Alpenglow Ski Mountaineering History Project Home
C. Minot Dole - Adventures in Skiing
I copied only the chapters of this book relating to the 10th Mountain Division. The book is valuable for the author's account of the creation of the division, but since it represents just his viewpoint, it is not a complete picture. Much of the information in this book was included and expanded in burton-1971.
Chapter 7 - The Fight for an American Ski Troop ForceIn February 1940, Alex Bright, Bob Livermore, Roger Langley and the author discussed the potential value of U.S. ski troops, inspired by the effectiveness of the Finns in defending the Karelian Isthmus against Russian invasion. [Note: The book says this meeting was in Feb 1939.] The author describes his efforts, together with John Morgan, to convince the War Department to train American troops to fight in winter conditions. He describes his contacts with General Phillipson (supportive) and Colonel Hubner (not) and his meeting with Chief of Staff George C. Marshall. Colonels Nelson Walker and Charles Hurdis of the General Staff were strong supporters of the mountain troop idea.
The author discusses the formation of the Winter Warfare Board, the NSA Volunteer Winter Defense Committee, and the assistance of Bestor Robinson of the Sierra Club and Bob Bates and others of the American Alpine Club in making equipment recommendations. Disagreements about equipment and arguments about the value and role of ski troops by various Staff officers are discussed. Colonel Muir of the 26th Infantry wrote: "I believe ski training is an asset. Like the Texan's six-shooter, you may not need it, but if you ever do, you will need it in a hurry, awful bad." By late summer, 1941, the Quartermaster's office had approved specifications for many items of equipment. In late autumn, the 87th Mountain Infantry Regiment was activated at Fort Lewis, Washington.
Chapter 8 - The 87th MountainEarly in the winter of 1941-42, Colonel Onslow S. Rolfe moved the 87th Regiment into Paradise Lodge on Mt Rainier for training. This chapter describes the author's visit to Mt Rainier during a nationwide tour of National Ski Patrol System divisions that winter. Colonel Rolfe later said, "The main thing we learned on Mt Rainier from February till June was to forget civilian skiing and concentrate on military skiing." He also wrote, "We have learned that you cannot take just any trained infantryman and make him a skier or mountaineer."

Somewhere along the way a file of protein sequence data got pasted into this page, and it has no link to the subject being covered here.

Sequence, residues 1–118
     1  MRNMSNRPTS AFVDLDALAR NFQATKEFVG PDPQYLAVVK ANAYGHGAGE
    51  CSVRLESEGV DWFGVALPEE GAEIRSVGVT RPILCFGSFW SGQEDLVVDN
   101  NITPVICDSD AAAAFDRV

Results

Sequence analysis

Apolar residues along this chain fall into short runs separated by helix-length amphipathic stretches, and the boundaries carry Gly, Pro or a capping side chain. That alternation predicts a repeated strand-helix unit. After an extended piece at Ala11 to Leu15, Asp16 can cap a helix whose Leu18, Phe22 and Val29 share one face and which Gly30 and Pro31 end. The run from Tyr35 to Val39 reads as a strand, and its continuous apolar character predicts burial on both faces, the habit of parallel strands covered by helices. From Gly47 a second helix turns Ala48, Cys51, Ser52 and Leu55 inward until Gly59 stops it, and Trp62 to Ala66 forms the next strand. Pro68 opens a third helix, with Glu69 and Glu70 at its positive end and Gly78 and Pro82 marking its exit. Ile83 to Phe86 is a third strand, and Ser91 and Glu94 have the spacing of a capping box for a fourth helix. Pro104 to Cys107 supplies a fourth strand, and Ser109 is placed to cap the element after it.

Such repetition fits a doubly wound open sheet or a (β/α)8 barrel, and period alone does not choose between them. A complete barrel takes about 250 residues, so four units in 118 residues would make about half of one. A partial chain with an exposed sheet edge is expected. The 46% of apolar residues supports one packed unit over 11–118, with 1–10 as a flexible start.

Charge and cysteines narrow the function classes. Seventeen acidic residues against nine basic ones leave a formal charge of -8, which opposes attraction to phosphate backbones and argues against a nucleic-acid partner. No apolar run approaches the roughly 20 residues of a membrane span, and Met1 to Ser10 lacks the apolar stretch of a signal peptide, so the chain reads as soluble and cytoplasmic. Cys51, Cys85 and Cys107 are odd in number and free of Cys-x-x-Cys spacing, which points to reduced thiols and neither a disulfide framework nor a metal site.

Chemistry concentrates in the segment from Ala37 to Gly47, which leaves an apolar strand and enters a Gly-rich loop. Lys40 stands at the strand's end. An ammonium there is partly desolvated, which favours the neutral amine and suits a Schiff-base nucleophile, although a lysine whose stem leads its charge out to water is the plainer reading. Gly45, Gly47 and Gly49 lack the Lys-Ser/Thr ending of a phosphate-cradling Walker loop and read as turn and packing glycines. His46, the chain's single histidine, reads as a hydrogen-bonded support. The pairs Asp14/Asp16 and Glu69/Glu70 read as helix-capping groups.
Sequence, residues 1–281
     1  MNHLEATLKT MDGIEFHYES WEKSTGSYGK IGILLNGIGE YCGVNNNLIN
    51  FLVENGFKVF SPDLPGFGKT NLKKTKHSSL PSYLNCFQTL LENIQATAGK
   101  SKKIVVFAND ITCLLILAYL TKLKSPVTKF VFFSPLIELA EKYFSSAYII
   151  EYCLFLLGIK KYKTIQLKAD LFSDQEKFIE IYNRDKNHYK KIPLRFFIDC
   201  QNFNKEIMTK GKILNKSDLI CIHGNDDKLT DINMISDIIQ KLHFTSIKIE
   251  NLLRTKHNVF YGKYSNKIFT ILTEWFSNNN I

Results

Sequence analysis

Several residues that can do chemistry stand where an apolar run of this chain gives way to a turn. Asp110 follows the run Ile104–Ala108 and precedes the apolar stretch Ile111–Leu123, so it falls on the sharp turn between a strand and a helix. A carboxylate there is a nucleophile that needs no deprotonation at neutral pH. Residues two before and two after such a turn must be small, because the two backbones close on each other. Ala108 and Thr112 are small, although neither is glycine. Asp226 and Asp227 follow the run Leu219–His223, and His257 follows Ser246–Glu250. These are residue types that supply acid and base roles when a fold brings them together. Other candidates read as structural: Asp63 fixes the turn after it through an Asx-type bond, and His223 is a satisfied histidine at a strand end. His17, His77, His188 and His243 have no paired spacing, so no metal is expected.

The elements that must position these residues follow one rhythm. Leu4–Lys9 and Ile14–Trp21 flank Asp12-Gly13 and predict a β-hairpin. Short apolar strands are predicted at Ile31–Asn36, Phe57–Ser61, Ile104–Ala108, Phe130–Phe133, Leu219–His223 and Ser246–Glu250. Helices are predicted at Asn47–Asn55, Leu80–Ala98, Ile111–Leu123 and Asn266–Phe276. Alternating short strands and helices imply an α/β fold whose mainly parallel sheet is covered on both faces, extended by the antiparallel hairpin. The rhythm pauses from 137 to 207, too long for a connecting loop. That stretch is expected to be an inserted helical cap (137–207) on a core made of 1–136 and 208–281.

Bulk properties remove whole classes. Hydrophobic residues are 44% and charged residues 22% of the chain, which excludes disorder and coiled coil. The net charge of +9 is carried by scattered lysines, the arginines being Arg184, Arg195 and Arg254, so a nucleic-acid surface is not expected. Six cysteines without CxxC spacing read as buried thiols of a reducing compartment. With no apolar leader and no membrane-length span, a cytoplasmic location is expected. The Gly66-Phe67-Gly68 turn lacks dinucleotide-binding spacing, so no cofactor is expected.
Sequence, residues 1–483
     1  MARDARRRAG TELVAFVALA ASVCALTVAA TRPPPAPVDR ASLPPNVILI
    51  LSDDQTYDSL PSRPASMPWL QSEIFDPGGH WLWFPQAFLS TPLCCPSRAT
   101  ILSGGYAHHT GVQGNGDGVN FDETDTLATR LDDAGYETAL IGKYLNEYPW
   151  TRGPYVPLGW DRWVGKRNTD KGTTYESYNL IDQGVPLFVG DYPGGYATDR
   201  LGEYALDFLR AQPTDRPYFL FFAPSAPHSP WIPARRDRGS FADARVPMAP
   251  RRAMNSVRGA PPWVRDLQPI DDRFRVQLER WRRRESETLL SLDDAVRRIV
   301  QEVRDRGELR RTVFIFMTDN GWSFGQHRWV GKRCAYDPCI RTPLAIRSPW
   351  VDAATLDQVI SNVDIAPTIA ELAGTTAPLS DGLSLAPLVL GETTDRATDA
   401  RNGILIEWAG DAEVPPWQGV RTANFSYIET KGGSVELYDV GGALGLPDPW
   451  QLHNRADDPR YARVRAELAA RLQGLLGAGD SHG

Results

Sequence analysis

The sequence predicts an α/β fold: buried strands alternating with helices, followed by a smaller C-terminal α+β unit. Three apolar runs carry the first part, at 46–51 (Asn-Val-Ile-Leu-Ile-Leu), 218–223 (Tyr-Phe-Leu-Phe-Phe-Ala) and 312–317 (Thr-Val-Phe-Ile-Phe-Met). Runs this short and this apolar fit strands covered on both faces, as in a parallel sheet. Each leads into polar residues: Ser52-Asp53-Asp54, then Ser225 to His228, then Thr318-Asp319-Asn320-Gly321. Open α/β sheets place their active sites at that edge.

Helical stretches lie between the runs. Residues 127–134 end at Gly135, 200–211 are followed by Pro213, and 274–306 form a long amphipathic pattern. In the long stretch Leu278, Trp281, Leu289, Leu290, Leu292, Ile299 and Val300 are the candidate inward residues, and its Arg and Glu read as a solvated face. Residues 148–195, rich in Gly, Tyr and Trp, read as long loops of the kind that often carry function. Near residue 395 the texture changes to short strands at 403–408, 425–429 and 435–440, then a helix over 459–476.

The last of the 87th Regiment left Mt Rainier on May 30 for Fort Lewis. There they went on long conditioning trips, learned to pack and manage mules, and practiced piton and rope-work on 30-foot climbing walls contructed in an old gravel pit near the stables at the fort. Construction of a training camp at Pando, Colorado started in the summer of 1942 and the camp was ready to receive the first influx of men in November. Early in 1943, John Morgan and the author accompanied Major Walter Wood and Captain Jack Tappin on an inspection of Camp Hale. The author relates his experiences on this trip.
Chapter 9 - The Tenth MountainIn late spring, 1944, the 10th Mountain Division was ordered from the mountains of Camp Hale to the desert of Camp Swift, Texas with their new commander, Major General Hays. The author describes the impression that Hays, a Congressional Medal of Honor winner, made on the men of the division. In November 1944, the 10th left Camp Swift and sailed for Italy. The author describes the Italian campaign through letters sent to him by men of the division, including Lt. Col. Paul Townsend, Lt. Ralph Lafferty, and Lt. Dick Rocker.
The author also includes later conversations with General Hays. Hays recalled the quick decision he made to cross the Po River in pursuit of the Germans, rather than waiting for artillery support to be brought up. His men captured 600 Germans on the opposite shore before they could man the foxholes to defend it. General Dave Ruffner brought back the German commander, who asked him when he had crossed the Po:"Today," said Dave.
"How?" he asked.
"In a boat," Dave answered. "When did you cross?"
"Today," the Kraut answered.
"How?" Dave asked.
"I swam the river with my staff."
"Huh," General Hays said. "He must have wanted to get away from the Tenth damn bad."
Return to the Alpenglow Ski Mountaineering History Project home page